Fla. Gov. Scott backs growler legalization
TALLAHASSEE, Fla. (AP) — Florida Gov. Rick Scott supports the legalization of the refillable half-gallon beer containers that craft beer lovers call growlers, his office said Tuesday.
The growler issue has been in the middle of a bitter fight between Florida's craft breweries and Budweiser distributors who only want the half-gallon growlers legalized in a bill that adds more regulation to the rapidly growing craft beer industry.
Scott spokeswoman Jackie Schutz said Tuesday whether he signs a bill to allow 64-ounce growler sales at Florida craft breweries is still to be determined. It will depend on the language that gets to his desk.
Breweries can now sell unlimited gallon and quart growlers, but Florida's odd container laws prohibit the half-gallon size that's the industry standard in 47 states. Legalizing the half-gallon size is the top priority this legislative session for the booming craft beer industry.
But a Senate bill (SB 1714) ties the growler size to more regulation that brewers say would hurt the craft beer industry and slow its growth. It includes language that would force all but the smallest breweries to buy their own bottles and cans of beers from distributors before they can sell them to brewery visitors. They now can sell bottles and cans without going through a distributor.
That bill is backed by Anheuser-Busch InBev distributors who don't want the breweries to be able to directly sell beer to visitors. MillerCoors distributors oppose the Senate bill and support legislation that simply allows half-gallon growlers.
A House bill (HB 283) sponsored by Republican Reps. Dana Young of Tampa and Frank Artiles of Miami would allow 64-ounce growlers with no strings attached.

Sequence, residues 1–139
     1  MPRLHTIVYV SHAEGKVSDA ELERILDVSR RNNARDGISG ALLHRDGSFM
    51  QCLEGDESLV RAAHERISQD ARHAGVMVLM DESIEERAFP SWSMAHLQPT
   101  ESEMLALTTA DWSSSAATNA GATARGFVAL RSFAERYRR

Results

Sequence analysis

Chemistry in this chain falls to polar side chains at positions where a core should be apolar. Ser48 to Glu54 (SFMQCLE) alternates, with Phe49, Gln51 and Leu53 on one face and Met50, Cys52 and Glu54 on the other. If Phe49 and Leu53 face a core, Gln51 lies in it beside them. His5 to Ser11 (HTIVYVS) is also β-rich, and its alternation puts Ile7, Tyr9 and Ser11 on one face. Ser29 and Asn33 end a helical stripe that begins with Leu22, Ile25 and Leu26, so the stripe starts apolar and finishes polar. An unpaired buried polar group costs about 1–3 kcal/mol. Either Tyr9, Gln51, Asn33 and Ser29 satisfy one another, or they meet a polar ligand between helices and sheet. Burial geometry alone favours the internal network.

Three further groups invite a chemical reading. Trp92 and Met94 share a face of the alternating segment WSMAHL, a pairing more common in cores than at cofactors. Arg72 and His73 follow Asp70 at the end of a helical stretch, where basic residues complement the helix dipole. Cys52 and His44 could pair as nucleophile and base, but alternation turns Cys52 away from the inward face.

"The governor has always been a strong advocate for small business people and the little guy and it's great to have him on the team," said Young. "He understands that some regulations are important for business, but when you over regulate, it hurts business."
The fact that Scott has repeatedly said he opposes regulations that cost jobs gives brewers hope that he won't sign a bill to legalize growlers if it also hurts the industry which has grown from six craft breweries in 2007 to an expected 80 by the end of this year.
"From day one when he said no more rulemaking, it seems like he's on a less regulation, less red tape kick," said Josh Aubuchon, a lobbyist who represents craft brewers, who added the current law is baffling. "It seems like such a crazy regulation that really has no bearing on logic."
Scott's position also assures the growler issue won't be a campaign issue. Earlier Tuesday, former Gov. Charlie Crist, the Republican turned Democrat who is hoping to win his old job back, also said he supports legalization of growlers, saying, "Let freedom ring."
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